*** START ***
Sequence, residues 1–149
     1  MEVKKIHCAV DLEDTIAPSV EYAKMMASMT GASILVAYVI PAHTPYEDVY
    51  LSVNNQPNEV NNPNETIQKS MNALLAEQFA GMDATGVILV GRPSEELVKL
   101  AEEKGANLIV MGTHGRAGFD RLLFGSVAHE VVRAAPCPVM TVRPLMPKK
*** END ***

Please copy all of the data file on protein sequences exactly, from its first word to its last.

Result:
Sequence, residues 1–149
     1  MEVKKIHCAV DLEDTIAPSV EYAKMMASMT GASILVAYVI PAHTPYEDVY
    51  LSVNNQPNEV NNPNETIQKS MNALLAEQFA GMDATGVILV GRPSEELVKL
   101  AEEKGANLIV MGTHGRAGFD RLLFGSVAHE VVRAAPCPVM TVRPLMPKK